The right view of the Noble Ones is described here as:

"There is no mother and father, without the self."

Buddha describes wrong view here:

“And what, bhikkhus, is wrong view? ‘There is nothing given, nothing offered, nothing sacrificed; no fruit or result of good and bad actions; no this world, no other world; no mother, no father; no beings who are reborn spontaneously; no good and virtuous recluses and brahmins in the world who have realised for themselves by direct knowledge and declare this world and the other world.’ This is wrong view.

MN 117

Is it possible to turn this wrong view into the right view of the Noble Ones by adding "without the self?"

“And what, bhikkhus, is right view of the Noble Ones? ‘There is nothing given without the self, nothing offered without the self, nothing sacrificed without the self; no fruit or result of good and bad actions without the self; no this world without the self, no other world without the self; no mother, no father without the self; no beings who are reborn spontaneously without the self; no good and virtuous recluses and brahmins in the world who have realised for themselves by direct knowledge and declare this world and the other world without the self.’ This is right view of the Noble Ones."

Is this an accurate description of the right view that is noble, taintless, supramundane, a factor of the path?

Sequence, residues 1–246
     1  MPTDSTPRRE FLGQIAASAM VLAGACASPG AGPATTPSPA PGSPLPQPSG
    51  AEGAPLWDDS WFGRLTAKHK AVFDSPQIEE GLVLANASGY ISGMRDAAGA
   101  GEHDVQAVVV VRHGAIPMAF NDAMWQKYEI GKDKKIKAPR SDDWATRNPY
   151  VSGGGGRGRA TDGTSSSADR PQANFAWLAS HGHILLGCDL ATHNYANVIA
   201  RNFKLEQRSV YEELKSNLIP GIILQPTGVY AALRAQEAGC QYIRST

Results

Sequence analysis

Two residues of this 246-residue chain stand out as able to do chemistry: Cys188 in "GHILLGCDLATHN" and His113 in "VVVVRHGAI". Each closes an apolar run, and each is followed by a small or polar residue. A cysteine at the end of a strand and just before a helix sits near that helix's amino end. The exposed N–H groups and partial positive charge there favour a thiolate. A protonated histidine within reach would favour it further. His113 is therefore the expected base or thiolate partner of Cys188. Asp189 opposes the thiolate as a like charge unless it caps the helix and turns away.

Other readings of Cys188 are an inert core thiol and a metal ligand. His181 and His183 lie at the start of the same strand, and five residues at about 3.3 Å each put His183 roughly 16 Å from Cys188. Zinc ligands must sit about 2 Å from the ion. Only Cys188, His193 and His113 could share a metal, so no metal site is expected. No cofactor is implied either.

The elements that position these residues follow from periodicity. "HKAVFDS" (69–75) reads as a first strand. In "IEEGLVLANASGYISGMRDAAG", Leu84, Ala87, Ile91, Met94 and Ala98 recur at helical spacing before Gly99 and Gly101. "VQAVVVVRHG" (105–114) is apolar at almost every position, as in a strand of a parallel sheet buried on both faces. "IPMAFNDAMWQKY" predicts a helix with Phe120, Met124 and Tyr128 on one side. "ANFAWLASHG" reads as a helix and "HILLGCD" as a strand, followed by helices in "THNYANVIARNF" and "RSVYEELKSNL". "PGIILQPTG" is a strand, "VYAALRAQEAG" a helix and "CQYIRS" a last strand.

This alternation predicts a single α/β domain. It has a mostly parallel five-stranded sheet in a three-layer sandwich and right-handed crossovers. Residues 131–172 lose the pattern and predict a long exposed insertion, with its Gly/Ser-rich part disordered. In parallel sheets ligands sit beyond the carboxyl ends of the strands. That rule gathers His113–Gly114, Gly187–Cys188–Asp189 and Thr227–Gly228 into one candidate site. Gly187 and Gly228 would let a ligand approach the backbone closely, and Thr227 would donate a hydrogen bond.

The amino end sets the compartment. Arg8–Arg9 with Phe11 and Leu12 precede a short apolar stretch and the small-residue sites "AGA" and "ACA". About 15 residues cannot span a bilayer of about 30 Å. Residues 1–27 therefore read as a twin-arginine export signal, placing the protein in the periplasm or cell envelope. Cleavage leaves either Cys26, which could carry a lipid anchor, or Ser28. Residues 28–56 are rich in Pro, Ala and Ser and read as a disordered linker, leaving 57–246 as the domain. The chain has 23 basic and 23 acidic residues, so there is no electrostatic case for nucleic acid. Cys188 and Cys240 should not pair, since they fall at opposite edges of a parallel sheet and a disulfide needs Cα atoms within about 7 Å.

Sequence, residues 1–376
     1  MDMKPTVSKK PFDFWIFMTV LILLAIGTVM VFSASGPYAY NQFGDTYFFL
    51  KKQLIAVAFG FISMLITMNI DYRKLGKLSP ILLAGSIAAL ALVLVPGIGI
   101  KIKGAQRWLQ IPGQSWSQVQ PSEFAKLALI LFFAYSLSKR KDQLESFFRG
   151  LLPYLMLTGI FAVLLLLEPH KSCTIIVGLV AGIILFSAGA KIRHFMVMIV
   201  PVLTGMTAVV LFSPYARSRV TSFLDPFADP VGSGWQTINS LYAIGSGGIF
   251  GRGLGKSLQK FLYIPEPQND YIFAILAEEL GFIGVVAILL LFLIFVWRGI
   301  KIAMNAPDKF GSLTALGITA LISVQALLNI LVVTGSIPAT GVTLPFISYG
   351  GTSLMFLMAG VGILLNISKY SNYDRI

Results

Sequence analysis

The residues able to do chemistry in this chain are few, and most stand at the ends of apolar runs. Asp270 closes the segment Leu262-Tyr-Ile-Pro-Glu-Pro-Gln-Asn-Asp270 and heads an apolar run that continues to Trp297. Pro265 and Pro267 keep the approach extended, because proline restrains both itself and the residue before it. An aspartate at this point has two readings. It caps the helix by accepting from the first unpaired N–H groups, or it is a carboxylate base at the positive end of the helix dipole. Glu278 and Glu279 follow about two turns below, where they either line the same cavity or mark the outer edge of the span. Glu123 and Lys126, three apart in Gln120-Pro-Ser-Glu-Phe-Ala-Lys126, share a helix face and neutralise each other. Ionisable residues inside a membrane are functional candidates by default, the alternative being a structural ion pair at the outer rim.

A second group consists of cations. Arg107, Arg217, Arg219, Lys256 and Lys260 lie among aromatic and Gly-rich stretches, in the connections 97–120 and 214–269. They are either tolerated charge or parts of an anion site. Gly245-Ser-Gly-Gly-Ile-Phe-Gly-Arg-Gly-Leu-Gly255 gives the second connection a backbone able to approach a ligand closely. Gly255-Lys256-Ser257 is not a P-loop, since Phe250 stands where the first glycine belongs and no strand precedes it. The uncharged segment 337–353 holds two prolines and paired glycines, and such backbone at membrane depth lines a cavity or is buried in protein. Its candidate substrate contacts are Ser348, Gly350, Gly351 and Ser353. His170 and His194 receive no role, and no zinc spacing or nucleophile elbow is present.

2 Answers 2


I updated it to:

There is no "my" mother and "my" father, without the self ("me"). Whose mother and father are they? They are mother and father relative to a self.

We can understand this through the following sutta:

Seeing in what way is a monk unbound,
clinging to nothing in the world?"
"He should put an entire stop
to the root of objectification-classifications:
'I am the thinker.'
Snp 4.14

With footnote from Ven. Thanissaro:

On objectification-classifications and their role in leading to conflict, see Sn 4.11 and the introduction to MN 18. The perception, "I am the thinker" lies at the root of these classifications in that it reads into the immediate present a set of distinctions — I/not-I; being/not-being; thinker/thought; identity/non-identity — that then can proliferate into mental and physical conflict. The conceit inherent in this perception thus forms a fetter on the mind. To become unbound, one must learn to examine these distinctions — which we all take for granted — to see that they are simply assumptions that are not inherent in experience, and that we would be better off to be able to drop them.